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Indiana State Department of Health

Public Health Preparedness Home > Biological Agents > Anthrax Facts About Anthrax

What anthrax is

  • Anthrax is a disease that commonly occurs in warm-blooded animals, such as goats, sheep, cattle, and pigs, but can also occur in humans.
  • It is most common in regions where these animals are raised, especially in South and Central America, Asia, Africa, the Caribbean, the Middle East, parts of Europe, and, rarely, in the United States.

How humans can get anthrax

  • Through cuts or breaks in the skin from touching an infected animal or animal parts;
  • By breathing or inhaling anthrax; or
  • By eating undercooked meat from an animal infected with anthrax (this is very uncommon).
  • Humans are not very susceptible to infection, and person to person transmission of anthrax is very rare.

The symptoms of anthrax are

  • If infected through the skin, the symptoms include an itchy rash that turns into a painless sore that appears black in the center. Lymph nodes in the area of the rash may swell. This type of exposure is very treatable, but if not treated, one in five people infected through the skin die.
  • If infected by breathing anthrax, cold-like symptoms appear one to six days after exposure (most often within 48 hours), but then more severe breathing problems develop. Shock follows, and death usually occurs in one to two days after cold-like symptoms begin.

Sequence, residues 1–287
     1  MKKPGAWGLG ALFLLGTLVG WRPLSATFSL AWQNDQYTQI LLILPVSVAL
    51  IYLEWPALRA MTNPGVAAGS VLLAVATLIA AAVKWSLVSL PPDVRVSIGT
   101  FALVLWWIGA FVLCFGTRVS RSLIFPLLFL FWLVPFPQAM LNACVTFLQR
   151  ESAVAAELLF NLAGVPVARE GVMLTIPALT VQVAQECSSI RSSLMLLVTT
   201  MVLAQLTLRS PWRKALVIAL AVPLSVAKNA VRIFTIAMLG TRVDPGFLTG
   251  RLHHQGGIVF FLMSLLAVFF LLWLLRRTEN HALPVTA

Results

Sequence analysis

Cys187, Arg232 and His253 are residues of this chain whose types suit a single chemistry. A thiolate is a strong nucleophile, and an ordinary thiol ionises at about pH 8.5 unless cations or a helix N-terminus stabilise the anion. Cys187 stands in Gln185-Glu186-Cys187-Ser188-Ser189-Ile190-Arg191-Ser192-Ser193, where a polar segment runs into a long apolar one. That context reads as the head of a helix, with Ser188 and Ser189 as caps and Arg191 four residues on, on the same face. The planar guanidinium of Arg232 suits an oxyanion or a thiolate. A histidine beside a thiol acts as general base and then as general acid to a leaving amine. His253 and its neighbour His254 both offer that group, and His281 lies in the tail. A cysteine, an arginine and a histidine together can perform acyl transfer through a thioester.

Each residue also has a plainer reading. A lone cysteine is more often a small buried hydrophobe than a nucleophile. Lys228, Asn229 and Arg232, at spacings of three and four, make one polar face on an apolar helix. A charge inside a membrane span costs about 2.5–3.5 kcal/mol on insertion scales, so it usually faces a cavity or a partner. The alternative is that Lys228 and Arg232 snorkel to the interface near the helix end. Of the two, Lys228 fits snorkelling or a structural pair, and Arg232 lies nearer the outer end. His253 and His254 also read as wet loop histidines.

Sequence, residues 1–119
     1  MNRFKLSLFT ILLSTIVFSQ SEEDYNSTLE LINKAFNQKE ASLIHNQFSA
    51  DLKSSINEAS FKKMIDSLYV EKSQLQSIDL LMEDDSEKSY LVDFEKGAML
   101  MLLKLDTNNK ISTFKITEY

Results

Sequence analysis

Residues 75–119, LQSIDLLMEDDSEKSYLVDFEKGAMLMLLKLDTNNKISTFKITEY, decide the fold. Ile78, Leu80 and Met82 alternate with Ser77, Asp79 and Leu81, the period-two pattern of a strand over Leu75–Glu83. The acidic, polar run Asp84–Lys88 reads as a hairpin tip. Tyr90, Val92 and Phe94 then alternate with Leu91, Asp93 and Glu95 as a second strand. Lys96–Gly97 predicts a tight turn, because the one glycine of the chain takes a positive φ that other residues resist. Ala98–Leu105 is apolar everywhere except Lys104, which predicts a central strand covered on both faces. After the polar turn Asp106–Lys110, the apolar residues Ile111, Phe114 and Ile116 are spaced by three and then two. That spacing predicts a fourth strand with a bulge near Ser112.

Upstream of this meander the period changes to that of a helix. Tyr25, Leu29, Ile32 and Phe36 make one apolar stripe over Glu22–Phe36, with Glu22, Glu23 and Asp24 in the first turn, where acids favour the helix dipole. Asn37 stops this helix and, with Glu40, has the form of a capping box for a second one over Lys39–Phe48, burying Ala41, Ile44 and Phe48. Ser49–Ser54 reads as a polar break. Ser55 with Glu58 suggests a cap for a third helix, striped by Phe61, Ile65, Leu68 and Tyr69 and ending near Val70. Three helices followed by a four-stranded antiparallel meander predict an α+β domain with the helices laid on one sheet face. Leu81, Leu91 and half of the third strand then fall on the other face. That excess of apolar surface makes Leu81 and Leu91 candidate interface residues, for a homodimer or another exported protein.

• If infected by eating contaminated meat, the symptoms include nausea, loss of appetite, vomiting and fever. More severe symptoms follow, including: abdominal pain, vomiting of blood, and severe diarrhea. Death occurs in 25% to 60% of people exposed to anthrax by eating infected meat.

How anthrax can be treated

  • Anthrax can be treated with certain antibiotics, but treatment must begin very soon after exposure. Inhalation anthrax should be treated prior to symptom onset to be most effective.
  • If not treated, anthrax can cause death.

The anthrax vaccine

There is an approved vaccine, and it is recommended for the following people:

  • Healthy people aged 18 to 65 years who have been exposed to anthrax;
  • People who investigate anthrax cases; or
  • United States military personnel.

What to do if you have been exposed to anthrax

Persons with possible exposure will be evaluated by public health officials to determine if antibiotic treatment should be started.

References:

  • Centers for Disease Control and Prevention
  • United States Department of Defense